Wood calls on politicians to “end higher education’s destructive focus on race” by, ironically enough, requiring colleges to report the racial differences in their students’ test scores and GPA.

Fourth, Wood wants to fix the student loan debacle by putting limits on total borrowing for students—that is, to limit opportunities for poorer students.

Fifth, Wood wants to “bust the accrediting cartel” (that is, open up higher education to more for-profit colleges that dumbed down education and worsened the student loan debacle) and also punish the College Board for being “politically correct” in the AP tests and SATs.

Sixth (continuing the theme of punishing his political enemies), Wood wants to put controls on the NSF and other federal funders to “end sycophantic science—the bribing of scientists to produce ‘findings’ meant primarily to advance political causes.” Of course, what Wood proposes is actually the creation of sycophantic science, by bribing the scientists who hold views on denying climate change that Wood thinks are right.

Seventh, Wood wants politicians to tell colleges they should require more study of Western civilization.

Wood concludes, “higher education should never be political indoctrination, welfare for special interests, or back scratching for politicians.” But that’s exactly what his proposals are: political indoctrination, welfare for corporate interests, and universities forced to serve politicians.

Wood’s proposals would involve massive political repression: he wants to change federal law to end equality for women in education. He wants to ban all government funds for colleges that he deems are responding to student activists and providing “safe spaces” for the types of students he doesn’t like. He wants to ban all government funds for researchers he thinks are engaged in “advocacy” by disagreeing with his views about science.

Wood apparently believes that trusting the government to suppress political ideas on campus is more likely to help his political wing than allowing academic freedom to prevail when many faculty are too liberal for his tastes. And that may be a bet that he would win, that his political side would prevail if today’s politicians were able to impose their ideological beliefs on colleges. But it’s not a principled decision. It’s not a decision on the side of academic freedom and free speech on campus. It’s a purely political stand made by someone who pretends he wants to eliminate politics on campus but is really imposing political tests on government funding.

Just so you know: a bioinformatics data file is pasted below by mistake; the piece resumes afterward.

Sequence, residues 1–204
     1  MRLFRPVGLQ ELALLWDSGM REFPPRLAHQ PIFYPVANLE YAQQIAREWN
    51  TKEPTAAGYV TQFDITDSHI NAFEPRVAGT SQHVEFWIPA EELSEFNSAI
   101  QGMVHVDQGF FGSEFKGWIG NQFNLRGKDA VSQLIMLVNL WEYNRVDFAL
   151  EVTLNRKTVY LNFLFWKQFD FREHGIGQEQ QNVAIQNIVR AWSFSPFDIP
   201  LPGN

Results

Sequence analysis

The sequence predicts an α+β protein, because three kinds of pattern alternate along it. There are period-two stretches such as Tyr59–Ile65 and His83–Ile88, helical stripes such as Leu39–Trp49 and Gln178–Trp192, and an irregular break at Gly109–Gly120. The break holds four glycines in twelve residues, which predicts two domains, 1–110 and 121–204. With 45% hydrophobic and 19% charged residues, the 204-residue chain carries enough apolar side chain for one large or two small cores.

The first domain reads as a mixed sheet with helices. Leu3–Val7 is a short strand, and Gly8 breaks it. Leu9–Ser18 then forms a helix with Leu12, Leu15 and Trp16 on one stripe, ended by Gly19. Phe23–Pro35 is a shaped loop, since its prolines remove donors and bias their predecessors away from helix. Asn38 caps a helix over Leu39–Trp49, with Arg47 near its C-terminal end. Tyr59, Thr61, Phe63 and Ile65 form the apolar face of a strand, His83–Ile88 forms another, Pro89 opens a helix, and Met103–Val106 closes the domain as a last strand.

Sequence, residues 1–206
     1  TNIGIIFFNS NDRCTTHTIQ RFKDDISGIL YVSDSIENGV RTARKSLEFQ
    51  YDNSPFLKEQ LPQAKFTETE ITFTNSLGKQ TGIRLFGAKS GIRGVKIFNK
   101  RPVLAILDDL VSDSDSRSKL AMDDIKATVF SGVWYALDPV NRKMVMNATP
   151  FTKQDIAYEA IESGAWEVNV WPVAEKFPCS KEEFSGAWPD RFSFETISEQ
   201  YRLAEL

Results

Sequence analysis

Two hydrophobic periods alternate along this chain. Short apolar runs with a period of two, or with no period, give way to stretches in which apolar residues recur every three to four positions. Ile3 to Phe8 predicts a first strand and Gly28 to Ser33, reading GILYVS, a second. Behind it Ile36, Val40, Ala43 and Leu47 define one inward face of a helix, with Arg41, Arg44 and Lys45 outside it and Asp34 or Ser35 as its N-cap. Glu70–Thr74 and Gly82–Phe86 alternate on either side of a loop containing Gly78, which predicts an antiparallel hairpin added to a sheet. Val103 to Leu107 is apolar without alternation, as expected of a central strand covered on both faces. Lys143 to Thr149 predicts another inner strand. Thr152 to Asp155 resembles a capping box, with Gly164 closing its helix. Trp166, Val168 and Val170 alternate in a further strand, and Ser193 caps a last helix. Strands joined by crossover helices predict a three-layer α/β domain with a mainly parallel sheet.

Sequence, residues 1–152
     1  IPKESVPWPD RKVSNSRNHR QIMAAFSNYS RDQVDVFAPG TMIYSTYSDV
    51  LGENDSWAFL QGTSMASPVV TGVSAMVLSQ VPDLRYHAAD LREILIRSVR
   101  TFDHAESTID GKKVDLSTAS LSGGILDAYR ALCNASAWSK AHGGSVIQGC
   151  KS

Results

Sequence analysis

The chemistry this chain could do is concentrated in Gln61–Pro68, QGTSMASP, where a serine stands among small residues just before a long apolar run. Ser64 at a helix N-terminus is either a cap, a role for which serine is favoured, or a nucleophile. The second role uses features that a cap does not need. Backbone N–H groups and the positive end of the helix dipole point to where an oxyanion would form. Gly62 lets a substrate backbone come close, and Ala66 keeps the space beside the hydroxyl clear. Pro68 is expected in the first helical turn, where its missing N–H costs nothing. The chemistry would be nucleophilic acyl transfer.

Peter Wood replies:

My friend John K. Wilson offers some of his usual strictures about my advice to presidential candidates.  That he finds my counsel “deeply misguided” is not exactly a surprise.  He is an ardent supporter of several of the developments in higher education I criticized.  It’s entirely fair for him to defend his position.  But I do have a few observations.

Mr. Wilson has a tendency to paraphrase mischievously.  He quotes accurately my sentence about campus bullies who seek to make the campus “a 24-7 taxpayer-subsidized indoctrination camp,” and in the very next sentence transforms it into “the notion that colleges are all run by people” who would do this.  He calls this “laughably absurd” and indeed it is, but it isn’t what I wrote.

The technique of mischievous paraphrase runs through most of his published reply. Another example: I wrote that colleges “forfeit public respect—and public support” when they accommodate mob action and shelter students in “safe spaces.”  Mr. Wilson deftly transforms this into my calling for “banning funding” to colleges that respond to calls for safe spaces.  Banning funding is certainly one way to forfeit “public support.”  But you can generally get the attention of college officials with something less drastic.  The key question is how to end the sense among some college presidents that they are entitled to public support regardless of what they do.

Mr. Wilson wonders if I believe that the disproportionately low number of men attending college is “due [to] a male boycott caused by Title IX.”  Mischievous paraphrase again.  I stand with a great many observers of the campus scene who recognize that the invidious interpretations of Title IX of the Higher Education Act that have come from the courts and from federal bureaucrats have made colleges and universities less attractive to many students.  Disincentives are one thing; a “boycott” is something else, and I know of no evidence that men are boycotting college.

Mr. Wilson seems to think there is a contradiction between wanting to end racial preferences in higher education and requiring colleges to divulge the magnitude of the preferences they use. Hardly.  Colleges and universities hide this data because they know the public would be outraged.

Mr. Wilson continues in this vein of refutations that refute something other than what I wrote, and in the interest of avoiding tedium, I won’t go through the rest.  I do take as heartening that he responded at all.  Generally campus progressives refrain from any comment about views and opinions expressed by critics who do not share their premises.  Mr. Wilson is among a very few who persist in paying attention and responding.  He doesn’t do it especially well, but I make allowances for that.  He is stuck defending doctrines that are, at a deep level, indefensible.